Tickets available from Ticketek. For more information, visit the National Gallery of Australia website.

Sydney’s open-air opera

La Traviata on Sydney Harbour, Royal Botanical Gardens, Sydney (March 24-April 7)

It’s a first for Sydney Harbour — a gigantic chandelier, measuring nine metres by nine metres, suspended above the waters of Farm Cove in The Royal Botanical Gardens.

Under this sparkling colossus, one of world’s most romantic operas will unfold on a floating stage with the Harbour Bridge and the Opera House as backdrop.

Verdi’s La Traviata — the story of a 19th century Parisian courtesan who sacrifices all for her well-heeled lover — is one of the most accessible operas ever staged.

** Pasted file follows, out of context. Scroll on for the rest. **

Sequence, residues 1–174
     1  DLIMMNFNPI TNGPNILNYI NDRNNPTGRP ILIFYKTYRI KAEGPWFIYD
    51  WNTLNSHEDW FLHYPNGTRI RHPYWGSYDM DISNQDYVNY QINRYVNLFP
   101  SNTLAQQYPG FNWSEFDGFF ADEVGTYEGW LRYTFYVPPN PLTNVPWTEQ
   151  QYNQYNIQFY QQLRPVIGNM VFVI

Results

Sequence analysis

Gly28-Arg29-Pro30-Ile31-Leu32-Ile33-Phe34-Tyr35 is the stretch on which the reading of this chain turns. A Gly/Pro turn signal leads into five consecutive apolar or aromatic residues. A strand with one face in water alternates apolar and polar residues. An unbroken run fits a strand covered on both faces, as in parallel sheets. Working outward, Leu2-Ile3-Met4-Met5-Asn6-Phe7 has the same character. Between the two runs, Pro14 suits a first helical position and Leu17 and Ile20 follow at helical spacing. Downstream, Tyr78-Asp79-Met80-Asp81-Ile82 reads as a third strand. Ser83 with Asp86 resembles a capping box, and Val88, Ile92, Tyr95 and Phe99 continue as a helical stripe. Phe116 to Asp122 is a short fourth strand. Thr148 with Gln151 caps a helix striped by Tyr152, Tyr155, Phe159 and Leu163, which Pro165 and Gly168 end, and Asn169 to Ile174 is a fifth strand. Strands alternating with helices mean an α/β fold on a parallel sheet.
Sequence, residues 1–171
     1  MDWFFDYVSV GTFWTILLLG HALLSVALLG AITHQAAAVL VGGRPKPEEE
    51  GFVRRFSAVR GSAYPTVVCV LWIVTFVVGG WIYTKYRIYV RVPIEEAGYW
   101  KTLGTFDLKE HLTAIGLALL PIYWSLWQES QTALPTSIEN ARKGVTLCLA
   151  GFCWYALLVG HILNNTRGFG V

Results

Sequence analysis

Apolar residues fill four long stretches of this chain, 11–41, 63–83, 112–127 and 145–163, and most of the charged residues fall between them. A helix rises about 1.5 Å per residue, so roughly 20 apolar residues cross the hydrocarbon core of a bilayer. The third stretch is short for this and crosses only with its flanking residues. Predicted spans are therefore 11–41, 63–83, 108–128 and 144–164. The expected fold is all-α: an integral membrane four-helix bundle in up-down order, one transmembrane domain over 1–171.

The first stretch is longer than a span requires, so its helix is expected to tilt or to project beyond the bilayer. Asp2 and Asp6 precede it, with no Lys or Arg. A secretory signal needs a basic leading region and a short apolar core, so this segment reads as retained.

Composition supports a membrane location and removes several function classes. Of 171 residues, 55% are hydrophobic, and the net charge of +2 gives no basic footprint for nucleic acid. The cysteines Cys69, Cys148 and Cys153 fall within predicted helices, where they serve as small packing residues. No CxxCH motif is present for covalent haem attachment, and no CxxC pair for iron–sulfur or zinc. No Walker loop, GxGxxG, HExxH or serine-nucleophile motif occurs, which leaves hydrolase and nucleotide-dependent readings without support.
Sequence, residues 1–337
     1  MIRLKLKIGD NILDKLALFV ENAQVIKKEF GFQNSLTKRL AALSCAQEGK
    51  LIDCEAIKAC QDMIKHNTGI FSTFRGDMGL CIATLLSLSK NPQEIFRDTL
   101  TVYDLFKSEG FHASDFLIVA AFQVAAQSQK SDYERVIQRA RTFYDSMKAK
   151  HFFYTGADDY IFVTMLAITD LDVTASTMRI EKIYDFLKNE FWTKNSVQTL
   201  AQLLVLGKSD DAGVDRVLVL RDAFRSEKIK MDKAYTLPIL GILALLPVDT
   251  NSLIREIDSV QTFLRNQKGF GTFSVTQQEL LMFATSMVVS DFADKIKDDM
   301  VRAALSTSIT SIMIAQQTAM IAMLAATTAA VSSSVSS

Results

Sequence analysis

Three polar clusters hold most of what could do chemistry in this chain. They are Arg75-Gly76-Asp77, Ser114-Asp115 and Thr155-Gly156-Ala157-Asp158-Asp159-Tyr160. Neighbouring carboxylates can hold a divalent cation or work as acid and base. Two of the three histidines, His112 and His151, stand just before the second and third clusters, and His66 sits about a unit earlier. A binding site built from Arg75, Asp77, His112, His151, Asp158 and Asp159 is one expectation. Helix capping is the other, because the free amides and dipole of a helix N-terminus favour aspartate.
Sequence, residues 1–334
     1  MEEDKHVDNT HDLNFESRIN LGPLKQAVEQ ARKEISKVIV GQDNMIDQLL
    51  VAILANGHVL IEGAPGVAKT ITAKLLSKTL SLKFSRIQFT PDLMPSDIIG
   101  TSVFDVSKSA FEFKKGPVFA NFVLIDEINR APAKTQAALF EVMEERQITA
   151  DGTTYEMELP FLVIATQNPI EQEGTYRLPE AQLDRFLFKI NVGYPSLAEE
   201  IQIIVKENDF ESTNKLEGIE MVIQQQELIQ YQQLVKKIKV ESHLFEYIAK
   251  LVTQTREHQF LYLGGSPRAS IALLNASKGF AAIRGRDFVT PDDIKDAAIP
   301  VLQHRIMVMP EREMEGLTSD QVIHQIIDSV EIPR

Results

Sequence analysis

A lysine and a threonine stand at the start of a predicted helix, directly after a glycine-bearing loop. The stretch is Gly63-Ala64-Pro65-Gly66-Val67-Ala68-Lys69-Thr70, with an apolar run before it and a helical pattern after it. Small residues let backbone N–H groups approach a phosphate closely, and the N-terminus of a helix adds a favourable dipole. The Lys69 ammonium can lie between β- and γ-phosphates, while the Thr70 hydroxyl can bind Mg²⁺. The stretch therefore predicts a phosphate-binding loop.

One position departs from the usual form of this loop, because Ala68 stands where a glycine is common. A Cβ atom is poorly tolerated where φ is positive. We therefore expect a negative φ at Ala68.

The title role of Violetta will be shared by Emma Matthews and Rachelle Durkin and the daring sets come from Brian Thomson, whose projects include Priscilla, Queen of the Desert and the Sydney Olympic and Melbourne Commonwealth Games ceremonies.

Audiences will watch this extravaganza from a 3000-seat grandstand erected next to Fleet Steps.

Extensive catering facilities that include a waterside trattoria, a Parisian-style salon dining room, food stalls and bars will cater for the 60,000 punters that promoters are anticipating during the three-week run.

Staged by Handa Opera and Destination NSW on behalf of the NSW Government, it is hoped this open-air spectacular will attract tourists worldwide.

Tickets available fromTicketmaster. For more information, visit Opera on Sydney Harbour.